The Director's Cut
First-time director wages her own assault on the movie establishment at LatinWave
The title The Cinema Hold Up has a cheekier edge than its original Spanish name: Asalto al Cine, which suggests that cinema itself is under assault. So I wrongly expected a more playful film, perhaps a Goddardian meta-film, than the one first-time director Iria Gomez Concheiro has made.
Her Asalto is a straightforward, if subtle, examination of the plight of Mexican youth in a country that seems to need reminding that they even exist.
The film, which is also written by Gomez Concheiro is part of the Latin Wave film festival at the Museum of Fine Arts, Houston and it plays at 9 p.m. Saturday at the Audrey Jones Beck Building. Gomez Concheiro's movie is inspired by the true story of four teenage friends from the Guerrero neighborhood in Mexico City. Bored and without prospects, the kids decide to knock off a movie theater on reforma which is presumably attended by people with more disposable income than their neighbors in their barrio.
The kids are not straight-up criminals — far from it. But they’re not soft either. They’re surrounded by crime and drugs, and indulge heavily in the latter throughout the first half of the film, as their scheme to do something with their lives slowly takes shape.
First, however Gomez Concheiro, patiently (perhaps too patiently) introduces the viewer to the problems the kids face. The one book-smart kid hasn’t been accepted into the university. The group leader (Gavino Rodriguez) has no place to be alone with his girlfriend. (The film points to Mexico City’s lack of peaceful, semi-private space for kids to gather in.) A third friend is more limited intellectually and psychologically; he likes to play the macho.
The group leader’s girlfriend makes up the gang’s fourth wheel. She comes from a more middle-class background than the others, but her mother’s determination to keep her away from her boyfriend finally amounts to hard-heartedness.
As I’ve said, the set up takes its sweet time, and becomes a bit tedious. But once they hatch the scheme to rob the theater, things pick up, and the film takes off in unexpected directions. Gomez Concheiro uses the planning stage of the heist to show that her characters are not lacking in talent or imagination. They simply have no legitimate venue in which to display their gifts.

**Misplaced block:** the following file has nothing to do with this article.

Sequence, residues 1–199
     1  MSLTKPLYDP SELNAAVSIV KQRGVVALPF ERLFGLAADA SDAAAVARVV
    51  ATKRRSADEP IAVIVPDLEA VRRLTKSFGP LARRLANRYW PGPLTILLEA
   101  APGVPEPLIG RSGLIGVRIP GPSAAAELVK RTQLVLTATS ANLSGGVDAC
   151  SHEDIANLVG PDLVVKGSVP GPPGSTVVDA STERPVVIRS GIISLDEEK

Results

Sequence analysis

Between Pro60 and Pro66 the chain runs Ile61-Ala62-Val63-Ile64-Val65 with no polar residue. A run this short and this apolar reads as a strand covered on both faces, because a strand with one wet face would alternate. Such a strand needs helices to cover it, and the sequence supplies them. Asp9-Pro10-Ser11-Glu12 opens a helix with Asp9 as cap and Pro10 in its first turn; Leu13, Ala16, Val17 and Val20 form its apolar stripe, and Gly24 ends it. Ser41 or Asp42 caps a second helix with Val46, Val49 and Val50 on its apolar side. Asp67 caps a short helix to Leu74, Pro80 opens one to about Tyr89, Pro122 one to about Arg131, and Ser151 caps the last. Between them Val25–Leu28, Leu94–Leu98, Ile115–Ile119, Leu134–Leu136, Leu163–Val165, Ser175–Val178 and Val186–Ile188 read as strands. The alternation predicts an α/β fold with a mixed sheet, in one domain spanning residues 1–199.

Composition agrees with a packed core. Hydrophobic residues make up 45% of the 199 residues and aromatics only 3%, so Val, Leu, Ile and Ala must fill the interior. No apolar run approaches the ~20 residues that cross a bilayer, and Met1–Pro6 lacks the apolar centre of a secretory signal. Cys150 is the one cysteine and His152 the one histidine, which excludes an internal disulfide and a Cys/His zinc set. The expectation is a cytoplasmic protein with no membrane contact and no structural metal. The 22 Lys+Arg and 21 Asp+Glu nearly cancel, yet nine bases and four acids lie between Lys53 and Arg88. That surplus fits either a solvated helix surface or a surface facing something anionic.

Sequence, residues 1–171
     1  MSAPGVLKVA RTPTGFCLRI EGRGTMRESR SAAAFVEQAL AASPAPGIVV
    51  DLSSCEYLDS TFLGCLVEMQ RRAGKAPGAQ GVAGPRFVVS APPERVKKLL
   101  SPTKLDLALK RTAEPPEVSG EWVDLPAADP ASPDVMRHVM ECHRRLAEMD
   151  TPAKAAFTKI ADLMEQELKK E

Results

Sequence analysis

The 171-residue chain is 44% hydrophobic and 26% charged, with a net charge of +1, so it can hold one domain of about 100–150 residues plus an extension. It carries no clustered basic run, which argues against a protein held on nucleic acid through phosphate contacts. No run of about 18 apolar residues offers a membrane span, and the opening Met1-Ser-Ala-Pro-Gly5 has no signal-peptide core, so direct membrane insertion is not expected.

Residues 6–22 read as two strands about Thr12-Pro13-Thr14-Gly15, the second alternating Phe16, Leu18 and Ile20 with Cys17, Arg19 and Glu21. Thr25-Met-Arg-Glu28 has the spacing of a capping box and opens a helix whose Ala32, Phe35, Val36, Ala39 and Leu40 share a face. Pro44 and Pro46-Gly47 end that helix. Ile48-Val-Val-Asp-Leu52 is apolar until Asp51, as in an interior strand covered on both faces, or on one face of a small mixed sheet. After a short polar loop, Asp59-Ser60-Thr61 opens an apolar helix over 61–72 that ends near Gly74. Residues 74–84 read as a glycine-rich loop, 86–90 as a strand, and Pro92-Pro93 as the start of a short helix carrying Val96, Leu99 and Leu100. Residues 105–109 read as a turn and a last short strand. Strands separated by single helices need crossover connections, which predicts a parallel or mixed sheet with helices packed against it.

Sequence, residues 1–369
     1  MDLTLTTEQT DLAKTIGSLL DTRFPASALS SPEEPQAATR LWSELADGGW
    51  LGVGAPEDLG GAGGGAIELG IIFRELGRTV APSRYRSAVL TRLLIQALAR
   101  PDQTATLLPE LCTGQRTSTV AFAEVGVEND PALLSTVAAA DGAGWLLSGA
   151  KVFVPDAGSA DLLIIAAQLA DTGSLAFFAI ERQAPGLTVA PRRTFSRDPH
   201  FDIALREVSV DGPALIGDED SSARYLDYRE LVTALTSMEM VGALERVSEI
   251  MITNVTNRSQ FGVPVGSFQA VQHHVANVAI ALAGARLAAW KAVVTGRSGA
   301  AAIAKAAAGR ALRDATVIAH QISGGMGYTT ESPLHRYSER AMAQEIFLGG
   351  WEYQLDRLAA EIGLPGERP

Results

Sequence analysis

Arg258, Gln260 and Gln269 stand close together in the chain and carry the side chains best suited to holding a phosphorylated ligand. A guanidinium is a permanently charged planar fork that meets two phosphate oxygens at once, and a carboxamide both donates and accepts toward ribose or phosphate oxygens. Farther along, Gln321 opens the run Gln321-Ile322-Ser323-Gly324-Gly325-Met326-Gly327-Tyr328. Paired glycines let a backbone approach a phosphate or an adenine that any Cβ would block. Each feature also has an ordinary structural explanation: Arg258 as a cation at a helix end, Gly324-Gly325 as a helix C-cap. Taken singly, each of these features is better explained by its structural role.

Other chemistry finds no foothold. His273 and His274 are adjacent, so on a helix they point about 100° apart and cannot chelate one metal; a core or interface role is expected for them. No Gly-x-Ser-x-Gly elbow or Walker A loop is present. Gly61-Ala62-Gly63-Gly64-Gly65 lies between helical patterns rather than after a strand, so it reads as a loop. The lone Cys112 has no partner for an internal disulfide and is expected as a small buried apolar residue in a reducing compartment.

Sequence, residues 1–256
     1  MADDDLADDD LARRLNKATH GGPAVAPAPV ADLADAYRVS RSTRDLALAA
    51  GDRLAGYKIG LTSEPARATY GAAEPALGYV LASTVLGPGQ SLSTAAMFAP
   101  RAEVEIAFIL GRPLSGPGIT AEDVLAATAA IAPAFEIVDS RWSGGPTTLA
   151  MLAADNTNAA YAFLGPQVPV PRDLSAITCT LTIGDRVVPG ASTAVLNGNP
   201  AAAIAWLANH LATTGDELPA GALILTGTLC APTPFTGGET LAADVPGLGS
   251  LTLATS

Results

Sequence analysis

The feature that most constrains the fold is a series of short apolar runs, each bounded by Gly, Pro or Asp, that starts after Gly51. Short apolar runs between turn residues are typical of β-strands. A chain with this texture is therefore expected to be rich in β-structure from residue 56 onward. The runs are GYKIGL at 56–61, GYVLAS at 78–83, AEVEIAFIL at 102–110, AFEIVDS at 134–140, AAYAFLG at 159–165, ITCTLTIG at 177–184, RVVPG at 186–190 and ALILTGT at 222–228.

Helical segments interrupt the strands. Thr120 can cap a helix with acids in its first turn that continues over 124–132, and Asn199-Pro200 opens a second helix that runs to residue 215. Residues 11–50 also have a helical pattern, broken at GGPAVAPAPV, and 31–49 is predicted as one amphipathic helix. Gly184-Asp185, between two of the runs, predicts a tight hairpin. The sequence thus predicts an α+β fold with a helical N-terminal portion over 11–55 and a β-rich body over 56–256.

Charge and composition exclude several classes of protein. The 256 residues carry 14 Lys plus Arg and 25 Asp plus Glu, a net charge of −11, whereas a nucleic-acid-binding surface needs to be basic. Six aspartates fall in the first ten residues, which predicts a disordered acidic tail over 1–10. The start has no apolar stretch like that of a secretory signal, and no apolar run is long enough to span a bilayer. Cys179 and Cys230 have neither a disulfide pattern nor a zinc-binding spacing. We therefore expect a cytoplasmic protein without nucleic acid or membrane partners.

The robbery’s aftermath is quite surprising, and is the film’s strongest section. A lifetime of watching American crime films had conditioned me to expect a tragic bloodbath. But Gomez Concheiro allows their adventure to fizzle out in a more realistic, but also dramatically satisfying way.
During an interview, Gomez Concheiro described her film as being “un grito,” a cry from the heart. At 31, she says, she’s not mature enough to offer a solution to the problems of Mexican youth; her goal was to get her countrymen’s attention and make them realize the problem exists.
The lack of opportunity for Mexican youth represents a crisis for the entire, fear-ravaged country, she says. “If kids don’t have anything to do, then they’re going to commit crimes.”
The crimes these kids might commit on their own are not the same terrifying crimes that the narcos are inflicting on Mexico. “But these are the kids that the narcos can easily recruit,” Gomez Concheiro says. "They [the narcos] have something to offer, but society doesn’t.”
About her title: it turns out that Gomez Concheiro does see Asalto as Cine somewhat metaphorically. “Everyone told me I couldn’t make this film. I was a woman. I was too young, etc. I couldn’t get funding, so I had to become producer myself (to raise money).”
She smiles tightly as she says, “So, yes, this is my own Asalto al Cine.”